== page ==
--PPP is worse than other pollsters in special congressional elections—with many of its biggest misses coming when it’s on its own. According to data compiled by the indispensable Harry Enten, 5 of the 7 worst special congressional election polls from the final two weeks of a campaign over the last nine years come from PPP, usually operating on its own. (note: the other SC-01 poll comes from RedRacingHorses, which is not, well, a real pollster). PPP also missed a special congressional primary by 19 points.
--A study by two political scientists, Joshua Clinton and Steven Rogers, found that automated polls (of which PPP’s surveys represented the majority) were significantly less accurate when a live interview pollster was in the field.
I should note that I have several reservations about the study (for that reason, I never cited it until my PPP piece), so take it with some grains of salt. But it seems more credible today than it did in spring 2012, so here's the graph.
--Even when there is a polling average, PPP tends to fall farthest from a polling average when it’s toughest to weight a poll to match the average. What situations are those? When a pollster needs to produce two accurate results, not just one. That happens, for instance, in states with both a presidential contest and a down-ballot race.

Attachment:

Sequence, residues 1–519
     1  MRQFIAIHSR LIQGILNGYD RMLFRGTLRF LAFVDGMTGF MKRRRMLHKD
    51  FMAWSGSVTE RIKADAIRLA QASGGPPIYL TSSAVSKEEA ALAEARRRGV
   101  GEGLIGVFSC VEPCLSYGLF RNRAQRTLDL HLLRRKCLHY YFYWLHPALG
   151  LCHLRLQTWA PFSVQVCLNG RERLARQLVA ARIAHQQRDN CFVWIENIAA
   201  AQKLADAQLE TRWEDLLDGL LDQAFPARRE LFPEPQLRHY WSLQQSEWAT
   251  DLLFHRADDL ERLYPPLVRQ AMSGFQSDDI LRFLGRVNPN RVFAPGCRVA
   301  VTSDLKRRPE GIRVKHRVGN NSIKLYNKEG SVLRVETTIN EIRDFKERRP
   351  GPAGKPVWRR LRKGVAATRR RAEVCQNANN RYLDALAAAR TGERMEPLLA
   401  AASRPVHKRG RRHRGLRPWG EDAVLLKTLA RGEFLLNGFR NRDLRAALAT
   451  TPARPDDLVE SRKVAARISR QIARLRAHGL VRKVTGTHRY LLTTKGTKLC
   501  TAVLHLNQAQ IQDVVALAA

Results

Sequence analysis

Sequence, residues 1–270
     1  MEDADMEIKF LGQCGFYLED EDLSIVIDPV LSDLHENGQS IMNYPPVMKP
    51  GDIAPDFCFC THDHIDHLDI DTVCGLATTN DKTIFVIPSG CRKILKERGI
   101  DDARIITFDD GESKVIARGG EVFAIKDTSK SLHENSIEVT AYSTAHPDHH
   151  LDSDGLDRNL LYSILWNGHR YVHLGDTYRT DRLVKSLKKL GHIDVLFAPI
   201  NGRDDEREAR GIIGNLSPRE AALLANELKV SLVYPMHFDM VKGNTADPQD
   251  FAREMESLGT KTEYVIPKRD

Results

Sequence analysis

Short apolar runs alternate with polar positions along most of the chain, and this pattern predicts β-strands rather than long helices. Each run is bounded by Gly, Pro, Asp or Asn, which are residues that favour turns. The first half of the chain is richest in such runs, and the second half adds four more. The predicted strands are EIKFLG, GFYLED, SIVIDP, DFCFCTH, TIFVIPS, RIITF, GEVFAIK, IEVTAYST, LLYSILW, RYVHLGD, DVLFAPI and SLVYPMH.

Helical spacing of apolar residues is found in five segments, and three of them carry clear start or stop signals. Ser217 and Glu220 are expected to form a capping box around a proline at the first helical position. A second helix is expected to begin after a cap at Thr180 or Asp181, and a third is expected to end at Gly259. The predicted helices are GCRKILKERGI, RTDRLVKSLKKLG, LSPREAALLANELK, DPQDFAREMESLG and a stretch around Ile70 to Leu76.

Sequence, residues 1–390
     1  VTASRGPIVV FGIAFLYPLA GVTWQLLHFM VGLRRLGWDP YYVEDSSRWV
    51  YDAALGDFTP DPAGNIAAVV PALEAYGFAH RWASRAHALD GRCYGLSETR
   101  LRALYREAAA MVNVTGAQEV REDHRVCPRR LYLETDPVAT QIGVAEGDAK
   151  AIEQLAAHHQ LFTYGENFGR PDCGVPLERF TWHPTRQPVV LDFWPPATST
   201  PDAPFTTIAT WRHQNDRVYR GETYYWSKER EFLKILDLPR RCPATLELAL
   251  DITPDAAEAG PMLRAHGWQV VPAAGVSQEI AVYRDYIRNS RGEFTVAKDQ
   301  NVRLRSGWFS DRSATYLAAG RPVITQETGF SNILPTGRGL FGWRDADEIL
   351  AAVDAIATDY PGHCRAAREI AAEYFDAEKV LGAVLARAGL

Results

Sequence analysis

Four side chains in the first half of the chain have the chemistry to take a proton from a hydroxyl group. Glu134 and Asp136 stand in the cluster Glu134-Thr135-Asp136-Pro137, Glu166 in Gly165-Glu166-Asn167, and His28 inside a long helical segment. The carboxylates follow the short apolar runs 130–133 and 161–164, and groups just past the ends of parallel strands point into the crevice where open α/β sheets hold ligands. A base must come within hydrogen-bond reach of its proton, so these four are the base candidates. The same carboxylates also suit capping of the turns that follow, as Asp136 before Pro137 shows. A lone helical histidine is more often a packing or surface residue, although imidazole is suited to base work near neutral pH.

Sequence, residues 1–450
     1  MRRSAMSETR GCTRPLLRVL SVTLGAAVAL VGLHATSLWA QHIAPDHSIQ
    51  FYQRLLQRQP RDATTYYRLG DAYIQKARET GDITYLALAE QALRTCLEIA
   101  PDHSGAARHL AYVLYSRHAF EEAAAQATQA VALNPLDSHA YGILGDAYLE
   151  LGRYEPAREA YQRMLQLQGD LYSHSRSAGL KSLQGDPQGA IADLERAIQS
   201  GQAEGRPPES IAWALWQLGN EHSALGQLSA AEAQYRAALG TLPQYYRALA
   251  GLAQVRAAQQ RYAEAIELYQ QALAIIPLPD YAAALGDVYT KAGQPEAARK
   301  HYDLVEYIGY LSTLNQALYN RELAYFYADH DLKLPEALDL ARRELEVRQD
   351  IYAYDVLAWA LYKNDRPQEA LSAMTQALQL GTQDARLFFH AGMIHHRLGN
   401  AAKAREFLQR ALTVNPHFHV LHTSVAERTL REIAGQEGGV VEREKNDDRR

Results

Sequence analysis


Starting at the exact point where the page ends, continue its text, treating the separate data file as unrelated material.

So there’s exactly the pattern you’d expect if they were weighting toward the polls: (1) PPP nails the presidential results but sacrifices the close senate races in the presidential battlegrounds, and (2) PPP nails the close senate and gubernatorial contests but badly misses the presidential margin in states with a clear favorite for President. So, for instance, PPP nailed the presidential race in Florida, but missed the senate race by 8 points; conversely, PPP nailed the gubernatorial contest in Washington, but missed the presidency by 7 points. In other words, it just looks like PPP can't have it both ways.
Live interview pollsters didn't have the same issues.
I should emphasize that these Pollster averages are kind of shaky, since there aren't always very many live interview polls. But looking at it from the perspective of a "simple average," like RCP, basically yields the same result.
Do I think these bullet points prove anything? No, of course not. But I also don't think PPP's 15 cherry picked results tell us anything, either. Instead, I'm focused on the method.